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Can we talk about "anchors" now...?
Why??...sounds like we are venturing into psychology now...

Ought to be a blast!!!!
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Old 01-09-2013, 12:15 PM   #365
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Mahal: Anything protruding from the hull, including a stabilizer, increases the risk of damage to the hull from striking debris (like one of those wonderful, barely submerged cargo containers people hit from time to time) or grounding. The risk is substantial enough that, for example, many of the new "pod" drive systems are specifically designed to break away from the hull in the event of a catastrophic impact. Better to buy a new drive leg than a new boat.

When considering the advantages and disadvantages of both twin and single engine design, everybody will need to evaluate and assess the risk of unprotected running gear. Individual perspectives will apply. To me, if the other 10 reasons I prefer a single engine didn't exist, I would still be reluctant to own a twin screw boat because of the risk to the exposed shafts, more exposed props, and the possibility of holing the hull by tearing out a strut. That doesn't mean that my considerations make the purchase of a twin screw boat ill-advised for others, and it doesn't make me less of a boater or more "fearful of the water" as some twin screw boaters here want to insist.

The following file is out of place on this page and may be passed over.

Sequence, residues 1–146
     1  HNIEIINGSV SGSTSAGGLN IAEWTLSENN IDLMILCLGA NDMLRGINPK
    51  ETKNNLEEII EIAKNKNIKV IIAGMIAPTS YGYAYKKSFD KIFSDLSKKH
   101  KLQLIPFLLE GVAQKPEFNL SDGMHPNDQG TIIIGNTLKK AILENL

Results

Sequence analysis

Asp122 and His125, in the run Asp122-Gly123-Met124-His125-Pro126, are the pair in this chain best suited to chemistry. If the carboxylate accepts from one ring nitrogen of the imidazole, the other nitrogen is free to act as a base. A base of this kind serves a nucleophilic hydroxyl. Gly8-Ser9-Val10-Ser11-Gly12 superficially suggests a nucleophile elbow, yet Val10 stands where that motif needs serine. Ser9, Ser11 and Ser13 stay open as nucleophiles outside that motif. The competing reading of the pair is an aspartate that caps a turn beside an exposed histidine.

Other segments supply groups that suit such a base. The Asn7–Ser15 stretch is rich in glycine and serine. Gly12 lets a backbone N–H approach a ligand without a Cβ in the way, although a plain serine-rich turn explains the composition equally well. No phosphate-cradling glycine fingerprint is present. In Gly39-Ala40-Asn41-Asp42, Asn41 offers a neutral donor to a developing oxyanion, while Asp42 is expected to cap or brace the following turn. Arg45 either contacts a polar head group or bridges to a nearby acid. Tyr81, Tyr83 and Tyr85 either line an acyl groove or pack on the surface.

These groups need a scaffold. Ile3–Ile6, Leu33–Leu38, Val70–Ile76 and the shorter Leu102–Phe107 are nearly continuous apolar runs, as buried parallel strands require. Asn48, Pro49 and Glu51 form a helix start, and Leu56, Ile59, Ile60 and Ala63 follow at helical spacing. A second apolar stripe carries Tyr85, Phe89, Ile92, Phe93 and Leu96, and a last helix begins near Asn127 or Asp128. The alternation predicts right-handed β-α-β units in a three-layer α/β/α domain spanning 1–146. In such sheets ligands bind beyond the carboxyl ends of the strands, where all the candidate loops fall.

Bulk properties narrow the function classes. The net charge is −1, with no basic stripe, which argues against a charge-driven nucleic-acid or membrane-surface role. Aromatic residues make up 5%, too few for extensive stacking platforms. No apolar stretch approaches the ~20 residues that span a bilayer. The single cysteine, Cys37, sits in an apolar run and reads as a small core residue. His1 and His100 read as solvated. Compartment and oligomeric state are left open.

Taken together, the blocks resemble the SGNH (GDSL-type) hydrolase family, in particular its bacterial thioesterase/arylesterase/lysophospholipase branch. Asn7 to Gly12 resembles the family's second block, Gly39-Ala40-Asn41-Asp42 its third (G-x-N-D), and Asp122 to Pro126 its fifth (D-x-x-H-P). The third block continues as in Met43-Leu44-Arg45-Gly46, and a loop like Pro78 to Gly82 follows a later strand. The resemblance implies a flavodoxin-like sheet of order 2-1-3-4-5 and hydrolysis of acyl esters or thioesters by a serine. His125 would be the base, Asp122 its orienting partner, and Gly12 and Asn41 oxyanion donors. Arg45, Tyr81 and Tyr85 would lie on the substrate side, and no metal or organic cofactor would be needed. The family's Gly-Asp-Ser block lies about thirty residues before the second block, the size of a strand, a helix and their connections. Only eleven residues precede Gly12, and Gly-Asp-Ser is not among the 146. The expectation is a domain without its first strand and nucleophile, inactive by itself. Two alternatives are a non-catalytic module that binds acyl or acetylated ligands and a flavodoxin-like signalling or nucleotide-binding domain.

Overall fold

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Old 01-09-2013, 12:44 PM   #366
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Greetings,